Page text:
NEAL ADAMS MONTH: A fan lives the dream.
It’s NEAL ADAMS MONTH here at 13th Dimension, and we’re featuring daily commentary by Adams on his variant-cover project for DC Comics. Each of his 27 variants is a twist on one of his famous covers from the past. He provided the pencils, and the inks and colors were handled by some of the biggest names in the business like Dave Gibbons and Terry Dodson.
For the full NEAL ADAMS MONTH INDEX of stories — including commentary by guest inkers like Walt Simonson and P. Craig Russell — click here.
I went to the Joe Kubert School on weekends when I was in high school in New Jersey. I didn’t last long: My passion for comics exceeded my ability to draw them.
That’s why I always like coming across a guy like Richard Friend, a comics inker who’s about my age. I really dig gassing with comics pros who are, at heart, fans like me. There’s an infectious enthusiasm about them.
I haven’t met Friend face to face but I gotta tell you, he’s speaking my language in the interview below. And chances are if you clicked on this story, he’s speaking yours too.
For starters, check out this picture of Friend from 1977. Look closely. That’s the Superman from Issue #233. Fast-forward almost 40 years — and Friend is the inker on the cover of Telos #5 — which is a riff on Superman #233.
Dan Greenfield: What’s your favorite classic Neal Adams cover?
Richard Friend: I really love this Detective #404 cover. The action and storytelling is so exciting. There are some artists who can make a piece of paper feel like you are entering a world. This might not be one of the most known covers Neal ever did but I think it exemplifies what a great comic cover drawing is all about: Excitement and drama, the characters all look cool, it’s clear and not cluttered — and it makes you want to buy the book to see how this all came about.
Dan Greenfield: How has Adams influenced you as an artist?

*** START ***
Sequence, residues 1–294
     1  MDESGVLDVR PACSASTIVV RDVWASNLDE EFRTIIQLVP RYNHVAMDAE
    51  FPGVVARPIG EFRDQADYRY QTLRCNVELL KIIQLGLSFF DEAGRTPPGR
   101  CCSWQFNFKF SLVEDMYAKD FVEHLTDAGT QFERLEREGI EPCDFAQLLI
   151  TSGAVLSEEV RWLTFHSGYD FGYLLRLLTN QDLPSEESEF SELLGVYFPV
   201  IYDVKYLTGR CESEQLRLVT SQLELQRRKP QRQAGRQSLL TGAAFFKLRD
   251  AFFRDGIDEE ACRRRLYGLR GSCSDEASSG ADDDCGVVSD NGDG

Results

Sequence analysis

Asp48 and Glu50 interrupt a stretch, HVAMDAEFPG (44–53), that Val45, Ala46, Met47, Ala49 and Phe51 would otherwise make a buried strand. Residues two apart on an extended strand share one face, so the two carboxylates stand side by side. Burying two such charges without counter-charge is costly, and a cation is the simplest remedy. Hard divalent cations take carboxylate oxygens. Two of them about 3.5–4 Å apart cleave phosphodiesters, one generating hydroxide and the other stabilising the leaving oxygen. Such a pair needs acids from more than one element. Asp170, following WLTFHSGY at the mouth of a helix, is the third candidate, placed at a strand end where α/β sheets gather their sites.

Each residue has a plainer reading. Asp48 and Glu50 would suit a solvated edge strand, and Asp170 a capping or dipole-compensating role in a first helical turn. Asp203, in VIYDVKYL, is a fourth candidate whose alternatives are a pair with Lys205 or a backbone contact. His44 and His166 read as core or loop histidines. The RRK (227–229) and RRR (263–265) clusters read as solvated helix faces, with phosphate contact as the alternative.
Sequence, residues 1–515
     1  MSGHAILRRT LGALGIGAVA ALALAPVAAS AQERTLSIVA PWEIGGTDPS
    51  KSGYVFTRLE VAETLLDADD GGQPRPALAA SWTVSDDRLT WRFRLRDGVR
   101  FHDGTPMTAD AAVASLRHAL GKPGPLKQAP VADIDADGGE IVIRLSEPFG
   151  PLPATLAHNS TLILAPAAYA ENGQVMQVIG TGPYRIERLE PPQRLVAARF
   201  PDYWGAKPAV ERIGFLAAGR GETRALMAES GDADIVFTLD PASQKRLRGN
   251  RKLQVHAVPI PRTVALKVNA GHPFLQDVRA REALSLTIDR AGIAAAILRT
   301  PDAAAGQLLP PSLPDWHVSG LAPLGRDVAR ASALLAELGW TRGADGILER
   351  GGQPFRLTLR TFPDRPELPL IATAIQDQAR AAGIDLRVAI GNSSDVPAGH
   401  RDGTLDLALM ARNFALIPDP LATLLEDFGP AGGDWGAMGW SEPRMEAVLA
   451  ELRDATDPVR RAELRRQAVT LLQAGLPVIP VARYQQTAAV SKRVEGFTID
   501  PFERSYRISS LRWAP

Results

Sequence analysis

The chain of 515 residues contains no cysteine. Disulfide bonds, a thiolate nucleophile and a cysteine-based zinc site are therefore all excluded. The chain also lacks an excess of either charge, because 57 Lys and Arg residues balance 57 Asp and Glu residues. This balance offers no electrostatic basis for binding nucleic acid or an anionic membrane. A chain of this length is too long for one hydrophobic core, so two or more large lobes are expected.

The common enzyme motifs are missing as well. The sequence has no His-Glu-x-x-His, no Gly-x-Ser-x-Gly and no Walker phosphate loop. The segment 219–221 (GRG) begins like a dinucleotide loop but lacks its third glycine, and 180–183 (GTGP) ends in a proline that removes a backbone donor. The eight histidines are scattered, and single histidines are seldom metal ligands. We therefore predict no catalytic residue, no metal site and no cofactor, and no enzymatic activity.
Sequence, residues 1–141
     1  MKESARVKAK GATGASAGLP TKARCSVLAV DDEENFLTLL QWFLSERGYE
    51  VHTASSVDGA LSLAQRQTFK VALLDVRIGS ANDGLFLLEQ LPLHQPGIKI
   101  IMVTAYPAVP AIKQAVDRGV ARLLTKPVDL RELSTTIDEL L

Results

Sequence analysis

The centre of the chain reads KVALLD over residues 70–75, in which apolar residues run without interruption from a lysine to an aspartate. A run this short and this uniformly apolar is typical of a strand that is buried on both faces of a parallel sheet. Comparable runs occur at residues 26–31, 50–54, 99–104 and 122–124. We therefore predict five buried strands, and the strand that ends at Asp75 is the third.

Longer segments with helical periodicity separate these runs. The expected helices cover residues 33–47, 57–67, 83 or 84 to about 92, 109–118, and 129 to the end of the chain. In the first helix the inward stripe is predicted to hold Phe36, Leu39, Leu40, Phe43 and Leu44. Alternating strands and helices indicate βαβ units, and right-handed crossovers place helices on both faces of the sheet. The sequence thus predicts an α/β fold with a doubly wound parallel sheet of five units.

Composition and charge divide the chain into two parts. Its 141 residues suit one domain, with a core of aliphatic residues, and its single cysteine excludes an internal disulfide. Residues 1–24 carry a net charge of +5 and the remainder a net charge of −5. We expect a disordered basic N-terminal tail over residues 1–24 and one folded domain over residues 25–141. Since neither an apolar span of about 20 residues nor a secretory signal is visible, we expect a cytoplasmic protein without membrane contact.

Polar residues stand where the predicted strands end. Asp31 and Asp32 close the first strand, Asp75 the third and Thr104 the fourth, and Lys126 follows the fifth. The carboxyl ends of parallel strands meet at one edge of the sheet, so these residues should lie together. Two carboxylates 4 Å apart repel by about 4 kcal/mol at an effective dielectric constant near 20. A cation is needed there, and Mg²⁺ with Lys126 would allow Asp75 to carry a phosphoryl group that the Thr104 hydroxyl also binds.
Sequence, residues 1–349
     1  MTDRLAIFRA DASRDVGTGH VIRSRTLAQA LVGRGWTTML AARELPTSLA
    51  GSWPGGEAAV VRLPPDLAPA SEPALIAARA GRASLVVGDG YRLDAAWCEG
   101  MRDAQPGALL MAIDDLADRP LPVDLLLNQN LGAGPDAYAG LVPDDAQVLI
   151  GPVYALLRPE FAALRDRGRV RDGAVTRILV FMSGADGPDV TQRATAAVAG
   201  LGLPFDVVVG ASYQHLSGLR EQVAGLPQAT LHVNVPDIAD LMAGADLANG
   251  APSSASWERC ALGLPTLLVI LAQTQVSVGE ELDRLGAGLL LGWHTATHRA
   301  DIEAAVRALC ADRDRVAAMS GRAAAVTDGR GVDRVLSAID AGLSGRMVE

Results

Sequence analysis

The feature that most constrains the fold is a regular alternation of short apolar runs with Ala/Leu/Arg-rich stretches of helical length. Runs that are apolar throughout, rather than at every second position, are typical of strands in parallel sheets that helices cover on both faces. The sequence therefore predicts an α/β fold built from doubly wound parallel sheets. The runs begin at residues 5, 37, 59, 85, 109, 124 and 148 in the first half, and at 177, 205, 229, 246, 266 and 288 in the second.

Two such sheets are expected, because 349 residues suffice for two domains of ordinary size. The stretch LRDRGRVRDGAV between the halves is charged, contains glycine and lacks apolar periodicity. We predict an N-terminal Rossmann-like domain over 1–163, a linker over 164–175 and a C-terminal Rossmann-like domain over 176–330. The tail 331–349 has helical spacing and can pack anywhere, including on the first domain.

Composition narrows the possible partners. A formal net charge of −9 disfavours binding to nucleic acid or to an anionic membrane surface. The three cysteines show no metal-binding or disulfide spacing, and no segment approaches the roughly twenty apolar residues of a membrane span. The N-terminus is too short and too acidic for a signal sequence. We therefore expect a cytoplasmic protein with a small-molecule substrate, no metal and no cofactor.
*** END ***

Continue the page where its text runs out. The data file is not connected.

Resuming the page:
Richard: Yeah, for sure. Neal influenced so many artists I am a fan of. When I first started collecting, two of my very good friends worked with Neal: Aron Wiesenfeld and Richard Bennett. I got really into Neal’s work back-issue hunting. I’d see these covers and go: “Wow, that one is good…OH it’s Neal Adams.”
There was a theme and the theme was, when Neal drew it, it seemed different, it caught your eye, it made you look twice. I had a comic index that listed what books people drew, so I started to hunt down interior stories Neal had done. I grabbed as many as I could afford — and many times if the back issue was way too expensive, I’d buy a beater copy just to have it.
Dan: You have your own style. Neal Adams has his. How did you work to meld the two on your homage cover?
Richard: Good question. Neal’s pencils can be loose, and suggestive. He’s the real deal and expects you to be too. If you just go in and trace the piece it’s not going to work — you have to draw it through as he would if he inked himself. So I just took my time and did just that. I drew the piece in ink and just tried to be respectful to the underdrawing Neal provided.
I almost wish I had gotten a more complex piece, to be honest. I love the cover I got … but I also wouldn’t have minded being challenged even more with a harder piece.
Wanna know what Neal thinks of this cover — and why he thinks Telos #5 is better? You definitely do. Click here.
You can also find more on Neal Adams at his website, here.